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“It’s a shame we won’t have a writing center,” said Torry. “But $2 million doesn’t buy good grammar.”

Construction of the long-awaited James Dickey Writers Center at Ocala State University in Florida has been postponed indefinitely after key administrators could not come to an agreement about whether to include an apostrophe in the word “Writers.”

“It’s just good grammar,” said Professor of Feminist Literature Katherine Torry, who chaired the fundraising committee. “It’s a possessive. The Center belongs to writers and therefore deserves an apostrophe.”

“With all due respect, Dr. Torry is missing a key philosophical point,” said Vice President of Academic Affairs Brian Bates. “It is a place that celebrates writers. It is not a territory controlled by writers.”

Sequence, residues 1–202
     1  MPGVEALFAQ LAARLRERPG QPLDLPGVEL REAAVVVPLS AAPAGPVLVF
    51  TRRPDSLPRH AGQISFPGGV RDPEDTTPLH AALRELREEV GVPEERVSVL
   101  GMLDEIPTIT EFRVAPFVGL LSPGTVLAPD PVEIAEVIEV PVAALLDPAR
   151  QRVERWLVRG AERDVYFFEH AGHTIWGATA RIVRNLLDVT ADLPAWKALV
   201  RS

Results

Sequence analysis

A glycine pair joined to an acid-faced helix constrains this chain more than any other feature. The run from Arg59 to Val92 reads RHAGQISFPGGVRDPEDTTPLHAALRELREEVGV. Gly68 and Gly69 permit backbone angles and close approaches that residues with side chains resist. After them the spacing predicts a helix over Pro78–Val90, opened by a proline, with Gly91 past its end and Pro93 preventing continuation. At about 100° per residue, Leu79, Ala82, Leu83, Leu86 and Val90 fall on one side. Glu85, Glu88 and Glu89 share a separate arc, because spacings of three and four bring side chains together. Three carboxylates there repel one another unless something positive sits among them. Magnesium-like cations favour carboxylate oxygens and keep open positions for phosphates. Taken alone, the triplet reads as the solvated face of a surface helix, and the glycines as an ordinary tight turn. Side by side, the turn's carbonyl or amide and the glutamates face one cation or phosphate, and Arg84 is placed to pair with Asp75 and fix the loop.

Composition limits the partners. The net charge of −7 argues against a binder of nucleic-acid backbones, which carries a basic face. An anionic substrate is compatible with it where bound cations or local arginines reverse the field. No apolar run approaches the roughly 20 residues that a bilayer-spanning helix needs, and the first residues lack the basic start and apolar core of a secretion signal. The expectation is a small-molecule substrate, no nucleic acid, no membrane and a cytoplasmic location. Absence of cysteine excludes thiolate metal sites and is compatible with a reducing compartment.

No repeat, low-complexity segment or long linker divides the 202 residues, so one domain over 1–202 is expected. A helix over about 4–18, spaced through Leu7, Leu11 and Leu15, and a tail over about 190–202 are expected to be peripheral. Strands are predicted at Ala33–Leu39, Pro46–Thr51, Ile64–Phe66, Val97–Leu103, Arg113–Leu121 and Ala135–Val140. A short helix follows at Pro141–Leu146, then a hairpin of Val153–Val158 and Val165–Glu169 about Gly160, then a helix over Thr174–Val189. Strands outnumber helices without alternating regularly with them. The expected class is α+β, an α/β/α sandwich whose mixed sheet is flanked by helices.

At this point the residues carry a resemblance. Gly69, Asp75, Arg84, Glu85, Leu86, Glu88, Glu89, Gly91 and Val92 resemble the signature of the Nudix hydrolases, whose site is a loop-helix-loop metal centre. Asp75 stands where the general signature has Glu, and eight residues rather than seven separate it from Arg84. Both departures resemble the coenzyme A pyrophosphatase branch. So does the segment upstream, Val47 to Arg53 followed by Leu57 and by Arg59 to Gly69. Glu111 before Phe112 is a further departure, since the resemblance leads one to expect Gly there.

The now-famed “Apostrophe Debate” began in 1997, when southern literary icon James Dickey passed away and a fan donated $2 million to the University so a center for literature could be built. The original planning committee was split on the apostrophe decision and found no clear precedent related to punctuation authority.

The decisions of both the OSUF president (pro-apostrophe, 2005) and subsequent reversal by the Board of Governors (2007) were challenged by the faculty, staff and students. In 2009, the Florida Supreme Court ruled in favor of the apostrophe but the Federal Supreme Court dismissed the case, stating that the University has the sole power to decide.

“It’s just not worth it anymore,” said the president. “We’ve decided to use the $2 million to build a new state-of-the-art paintball facility. Surveys have shown that students never really wanted a writing center anyway.”